BHUBANESWAR/CUTTACK: The Budget proposal to prohibit cash transaction beyond Rs 20,000 for purchase of immovable property is likely to cleanse real estate sector of black money in the twin cities of Bhubaneswar and Cuttack.
Real estate insiders said cheque payment or electronic transfer of money would curtail underhand dealings, as 'unaccounted for cash' rule the real estate market here.
Finance minister Arun Jaitley has proposed to amend the Income Tax Act for the purpose. "It would be a tricky situation and may curb fund flow further," said a real estate developer.
While over dozen developers have come under Crime Branch scanner for dubious land deals in past two years, flow of black money from chit fund and mining to realty was cited as reasons for unexceptionally high cost of housing in state capital.
On record, the developers said it would help bring in transparency. "The move will pin down black sheep in the profession. We welcome it," said president, Association for Odisha Realestate Developers Umesh Patnaik.
National joint secretary, Confederation of Real Estate Developers Association of India, D S Tripathy too welcomed the transparency move. He, however, described the budget as disappointing as the impact of increase in service tax from 12.36% to 14% will raise housing cost. "The Budget, in treating real estate with neglect, leaves the current problems of real estate where they are," he said.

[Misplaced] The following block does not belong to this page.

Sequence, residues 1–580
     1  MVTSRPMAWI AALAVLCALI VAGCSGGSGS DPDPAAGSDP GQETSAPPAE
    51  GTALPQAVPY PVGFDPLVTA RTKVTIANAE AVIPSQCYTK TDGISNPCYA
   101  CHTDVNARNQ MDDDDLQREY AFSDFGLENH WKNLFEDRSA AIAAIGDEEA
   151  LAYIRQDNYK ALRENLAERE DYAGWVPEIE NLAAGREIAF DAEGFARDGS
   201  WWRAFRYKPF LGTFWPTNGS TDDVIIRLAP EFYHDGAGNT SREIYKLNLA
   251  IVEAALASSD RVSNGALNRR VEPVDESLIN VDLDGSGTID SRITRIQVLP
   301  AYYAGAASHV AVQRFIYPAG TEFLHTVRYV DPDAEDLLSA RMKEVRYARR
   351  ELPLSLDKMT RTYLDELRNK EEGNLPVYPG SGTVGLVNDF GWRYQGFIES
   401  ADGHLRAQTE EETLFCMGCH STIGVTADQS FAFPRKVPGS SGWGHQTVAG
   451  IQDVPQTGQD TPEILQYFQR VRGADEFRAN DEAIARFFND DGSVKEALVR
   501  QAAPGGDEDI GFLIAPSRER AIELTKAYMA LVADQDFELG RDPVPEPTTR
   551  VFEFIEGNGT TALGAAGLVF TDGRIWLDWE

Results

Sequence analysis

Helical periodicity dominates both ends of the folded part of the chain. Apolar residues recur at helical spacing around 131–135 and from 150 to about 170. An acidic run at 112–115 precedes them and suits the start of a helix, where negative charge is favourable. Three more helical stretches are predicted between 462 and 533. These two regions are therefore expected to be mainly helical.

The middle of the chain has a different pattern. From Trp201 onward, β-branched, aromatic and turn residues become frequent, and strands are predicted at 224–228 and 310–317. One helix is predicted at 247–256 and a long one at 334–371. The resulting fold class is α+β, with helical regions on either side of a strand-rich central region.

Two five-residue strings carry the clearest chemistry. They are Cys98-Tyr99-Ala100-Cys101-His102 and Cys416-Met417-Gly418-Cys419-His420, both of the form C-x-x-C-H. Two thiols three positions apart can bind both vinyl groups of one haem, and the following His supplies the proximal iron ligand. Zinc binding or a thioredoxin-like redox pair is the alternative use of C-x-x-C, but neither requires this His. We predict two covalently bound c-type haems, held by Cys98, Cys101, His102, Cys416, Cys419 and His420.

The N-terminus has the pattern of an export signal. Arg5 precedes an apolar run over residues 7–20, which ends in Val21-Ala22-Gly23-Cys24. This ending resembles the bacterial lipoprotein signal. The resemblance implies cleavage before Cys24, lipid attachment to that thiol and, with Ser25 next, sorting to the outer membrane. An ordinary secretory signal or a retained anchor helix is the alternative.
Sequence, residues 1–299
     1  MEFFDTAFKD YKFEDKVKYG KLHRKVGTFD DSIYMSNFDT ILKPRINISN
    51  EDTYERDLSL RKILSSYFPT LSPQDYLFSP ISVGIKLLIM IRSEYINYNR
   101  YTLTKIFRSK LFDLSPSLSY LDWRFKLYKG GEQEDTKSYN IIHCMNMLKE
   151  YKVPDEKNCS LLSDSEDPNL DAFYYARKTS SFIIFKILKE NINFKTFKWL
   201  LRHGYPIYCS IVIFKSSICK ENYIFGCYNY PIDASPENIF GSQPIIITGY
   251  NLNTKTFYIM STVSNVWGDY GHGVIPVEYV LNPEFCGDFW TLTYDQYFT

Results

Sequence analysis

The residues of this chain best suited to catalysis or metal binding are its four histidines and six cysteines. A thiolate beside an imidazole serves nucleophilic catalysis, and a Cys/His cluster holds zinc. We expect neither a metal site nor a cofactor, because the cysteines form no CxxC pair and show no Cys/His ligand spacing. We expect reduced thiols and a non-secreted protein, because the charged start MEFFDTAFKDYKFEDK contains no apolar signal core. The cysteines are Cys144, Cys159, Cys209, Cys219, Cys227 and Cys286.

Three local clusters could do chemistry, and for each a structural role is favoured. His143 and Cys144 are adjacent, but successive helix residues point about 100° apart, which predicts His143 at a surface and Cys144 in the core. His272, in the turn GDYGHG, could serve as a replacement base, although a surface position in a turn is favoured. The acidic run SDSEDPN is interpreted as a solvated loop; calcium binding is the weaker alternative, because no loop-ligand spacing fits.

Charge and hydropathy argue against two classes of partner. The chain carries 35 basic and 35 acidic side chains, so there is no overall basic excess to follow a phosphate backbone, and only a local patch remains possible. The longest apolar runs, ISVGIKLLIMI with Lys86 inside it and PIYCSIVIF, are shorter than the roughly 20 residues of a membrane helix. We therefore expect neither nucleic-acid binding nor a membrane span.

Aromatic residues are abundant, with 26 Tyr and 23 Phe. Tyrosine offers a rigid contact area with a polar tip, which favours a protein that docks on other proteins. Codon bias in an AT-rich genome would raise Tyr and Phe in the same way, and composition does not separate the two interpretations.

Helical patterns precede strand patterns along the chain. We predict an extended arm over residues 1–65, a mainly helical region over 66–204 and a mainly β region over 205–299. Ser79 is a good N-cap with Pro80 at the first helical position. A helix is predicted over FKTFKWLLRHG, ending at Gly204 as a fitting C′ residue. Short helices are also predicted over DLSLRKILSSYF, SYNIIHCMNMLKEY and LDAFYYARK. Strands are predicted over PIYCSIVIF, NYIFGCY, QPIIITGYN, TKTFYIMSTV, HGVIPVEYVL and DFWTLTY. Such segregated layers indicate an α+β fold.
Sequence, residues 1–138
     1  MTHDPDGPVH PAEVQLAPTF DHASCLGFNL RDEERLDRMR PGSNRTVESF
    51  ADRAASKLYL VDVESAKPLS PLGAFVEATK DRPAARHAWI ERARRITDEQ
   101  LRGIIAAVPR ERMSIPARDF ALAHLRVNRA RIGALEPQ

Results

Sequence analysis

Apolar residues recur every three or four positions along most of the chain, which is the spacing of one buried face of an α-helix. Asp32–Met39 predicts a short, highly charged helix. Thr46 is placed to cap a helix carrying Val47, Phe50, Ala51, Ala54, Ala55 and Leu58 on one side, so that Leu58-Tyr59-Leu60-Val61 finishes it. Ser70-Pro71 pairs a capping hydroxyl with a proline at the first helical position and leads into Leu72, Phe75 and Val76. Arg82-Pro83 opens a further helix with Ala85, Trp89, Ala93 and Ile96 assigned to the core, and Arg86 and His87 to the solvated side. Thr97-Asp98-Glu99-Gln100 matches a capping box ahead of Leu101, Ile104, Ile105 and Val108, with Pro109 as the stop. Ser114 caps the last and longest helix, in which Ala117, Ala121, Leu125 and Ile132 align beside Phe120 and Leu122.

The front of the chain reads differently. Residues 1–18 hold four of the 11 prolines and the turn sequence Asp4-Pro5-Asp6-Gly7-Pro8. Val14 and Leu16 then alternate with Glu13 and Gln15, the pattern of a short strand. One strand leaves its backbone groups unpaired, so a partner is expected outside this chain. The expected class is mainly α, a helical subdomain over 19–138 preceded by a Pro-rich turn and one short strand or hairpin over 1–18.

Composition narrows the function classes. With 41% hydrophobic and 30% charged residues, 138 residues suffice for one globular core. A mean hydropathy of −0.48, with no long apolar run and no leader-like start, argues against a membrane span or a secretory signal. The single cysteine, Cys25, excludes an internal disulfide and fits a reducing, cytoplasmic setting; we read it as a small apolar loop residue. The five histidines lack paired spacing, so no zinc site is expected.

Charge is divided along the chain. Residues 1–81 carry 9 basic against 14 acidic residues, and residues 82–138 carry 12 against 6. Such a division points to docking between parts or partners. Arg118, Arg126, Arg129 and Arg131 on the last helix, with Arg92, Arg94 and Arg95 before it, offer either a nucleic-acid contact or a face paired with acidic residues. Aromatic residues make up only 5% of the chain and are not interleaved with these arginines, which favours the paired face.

Traders feel the Budget will help check flow of black money in other segments of business as well. Traders at Malgodown, state's biggest wholesale commodity market in Cuttack, said the proposed new law to tackle black money with tough measures will help business to grow in a fair manner.
"The proposed law for imprisonment up to 10 years and 300% penalty on tax for concealing income and assets will go a long away in bringing transparency in any business," said joint secretary, Cuttack Chamber of Commerce, Srikant Sahoo.
Houses worth Rs 25,000 crore are in different stages of construction in Bhubaneswar and its neighbouring areas.
Developers are refraining from new projects with around 30% houses remaining unsold.